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Herman Melville (World's Greatest Writers…
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Herman Melville (World's Greatest Writers Series)

by Herman Melville

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Showing 3 of 3
1. Moby Dick
2. The Confidence-Man
3. The Piazza Tales
4. Billy Budd
  heather_hexe | Nov 8, 2014 |
I'd say I'm neither a fan of Melville nor a detractor. I feel mixed about much of his work, but almost all of his work I've read were worth the read, original and influential, and memorable.

Moby Dick: This is a deeply weird book, not what I expected from a 19th Century classic, and my rating expresses my mixture of admiration, boredom and outright irritation at Melville's wretched self-indulgence and excesses. I know that's nigh to sacrilegious. Introductions to this book call it "the greatest American novel ever written" and the "greatest sea book ever written." I certainly recommend trying it on the grounds of cultural literacy and if you have any interest in modern literature or the art of writing. But as presumptuous as it might be to say so, I could wish Melville had a much more ruthless editor. Much of Moby Dick reads like a sloppy first draft. Then there's the just plain trippy. Loads of chapters that are essays on all things about whaling. Others that are prose poems or what seem to be displaced random snatches of Huh??? Yet some of Melville's Shakespearean language is striking and resonant. A lot of the characters are memorable, beyond just Ahab: Pip, the Harpooners such as Tashtego and Fedallah, the Carpenter and the Blacksmith, the three mates, Starbuck, Stubb and Flask. Cut away all the blubber...er...digressions, there's an epic mythic story at the core, Three-and-a-half

The Confidence-Man: This book had just about every aspect I do hate in Melville (other than the massive digressions) squared. For one, this is Melville at his least subtle. The title is "The Confidence Man: His Masquerade" and it takes place aboard the Steamer Fidele on April Fool's Day. By the third paragraph we read of a placard about an imposter in the area. And if by then you don't get that the theme is how confidence and trust plays into the ability to be swindled, worry not--the characters will go on and on about the subject in ways no real people converse. I've heard this described as more of a Socratic dialogue than novel. All I can say is I far prefer Plato. One-and-a-half Stars

Piazza Tales: This is a collection of 6 shorter pieces, not a novel, published in 1856. As a whole I far prefer them to Moby Dick or Billy Budd. I don't care for "The Piazza" (although it does boast the rarity of a female character in Melville) or "The Encantadas or Enchanted Isles" (10 sketches about the Galapagos Islands that are far more "tell" than "show.") "The Lightening-Rod Man" about a pushy door-to-door salesman is mildly amusing and "The Bell-Tower" is a rather traditional story reminiscent of Poe or Hawthorne. But the prizes of this collection are the two novellas: Benito Cereno and Bartleby, the Scrivener. Benito Cereno is a brilliant example of the "unreliable narrator" and the way that subverts the racist assumptions of the day (and the point of view character) is masterful. Bartleby I've heard described as Kafkaesque. It's black humor, but it is funny. Four Stars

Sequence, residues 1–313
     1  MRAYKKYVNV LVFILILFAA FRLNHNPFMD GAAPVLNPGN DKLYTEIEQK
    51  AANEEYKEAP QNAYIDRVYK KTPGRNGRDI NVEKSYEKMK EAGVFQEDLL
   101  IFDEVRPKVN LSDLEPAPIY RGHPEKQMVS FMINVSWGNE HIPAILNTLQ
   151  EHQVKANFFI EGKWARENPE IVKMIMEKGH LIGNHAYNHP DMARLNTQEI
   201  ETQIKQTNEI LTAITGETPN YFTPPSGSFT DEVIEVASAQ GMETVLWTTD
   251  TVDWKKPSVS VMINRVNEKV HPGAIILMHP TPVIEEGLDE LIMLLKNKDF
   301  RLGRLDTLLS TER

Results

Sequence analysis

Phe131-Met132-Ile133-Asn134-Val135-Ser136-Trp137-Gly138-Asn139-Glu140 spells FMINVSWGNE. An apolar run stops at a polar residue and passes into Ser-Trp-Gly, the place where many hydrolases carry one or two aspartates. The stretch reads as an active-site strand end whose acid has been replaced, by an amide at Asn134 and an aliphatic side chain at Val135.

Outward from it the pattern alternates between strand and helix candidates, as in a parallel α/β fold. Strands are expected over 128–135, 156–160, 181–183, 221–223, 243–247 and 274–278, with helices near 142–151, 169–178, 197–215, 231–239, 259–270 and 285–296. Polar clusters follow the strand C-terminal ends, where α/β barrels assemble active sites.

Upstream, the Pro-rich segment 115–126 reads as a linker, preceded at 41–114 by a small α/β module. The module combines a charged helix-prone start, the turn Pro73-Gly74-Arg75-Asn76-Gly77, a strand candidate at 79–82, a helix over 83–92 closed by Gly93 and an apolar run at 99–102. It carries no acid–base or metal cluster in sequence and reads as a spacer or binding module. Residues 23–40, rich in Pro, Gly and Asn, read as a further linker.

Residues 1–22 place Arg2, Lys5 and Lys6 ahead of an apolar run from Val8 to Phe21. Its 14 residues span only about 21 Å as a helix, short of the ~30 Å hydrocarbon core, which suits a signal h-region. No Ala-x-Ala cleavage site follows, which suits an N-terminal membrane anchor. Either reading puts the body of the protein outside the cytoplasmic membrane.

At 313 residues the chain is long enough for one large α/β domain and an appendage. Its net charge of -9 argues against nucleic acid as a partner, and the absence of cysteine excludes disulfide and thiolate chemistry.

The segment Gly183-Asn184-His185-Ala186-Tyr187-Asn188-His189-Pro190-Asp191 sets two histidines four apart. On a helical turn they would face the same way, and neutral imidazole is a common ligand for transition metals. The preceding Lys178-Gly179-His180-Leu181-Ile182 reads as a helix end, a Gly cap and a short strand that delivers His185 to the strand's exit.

Billy Budd: I've seen this described as allegory: like allegory, it often can come across as all too heavy handed. Billy Budd is the Christ-figure of almost pure good; Claggart is painted very much as a Satanic figure who hates Billy for his virtues. Captain Vere is a more complex figure. Given his position in this drama it would be easy to see him as Jehovah, as God the father, yet Melville speaks of his "mental disturbance." The narrator is intrusive--and he does things like say "for a literary sin then divergence will be"--and then goes on digressing. The narrator has a tone of omniscience, relates things only an omniscient narrator would know--then demurs he has complete knowledge and presents things as his guesses. The narration often struck me as ponderous, high-strung, melodramatic, and in describing Billy (described every several paragraphs as the "Handsome Sailor") so very, very gay. And yet there are some piercing psychological insights--and some really beautiful touches. (In the context of what was happening, the simple sentence "Billy ascended" was powerful and chilling.) Not a story I'd call a favorite, but worth reading. Three Stars ( )
1 vote LisaMaria_C | Oct 7, 2012 |
Skipped The Confidence-Man and Billy Budd ( )
  bookdreamer | May 13, 2012 |
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Billy Budd: A young sailor is sentenced to be hanged for inadvertently striking and killing an officer. He faces death with a blessing for the benevolent captain who is forced to carry out his execution.

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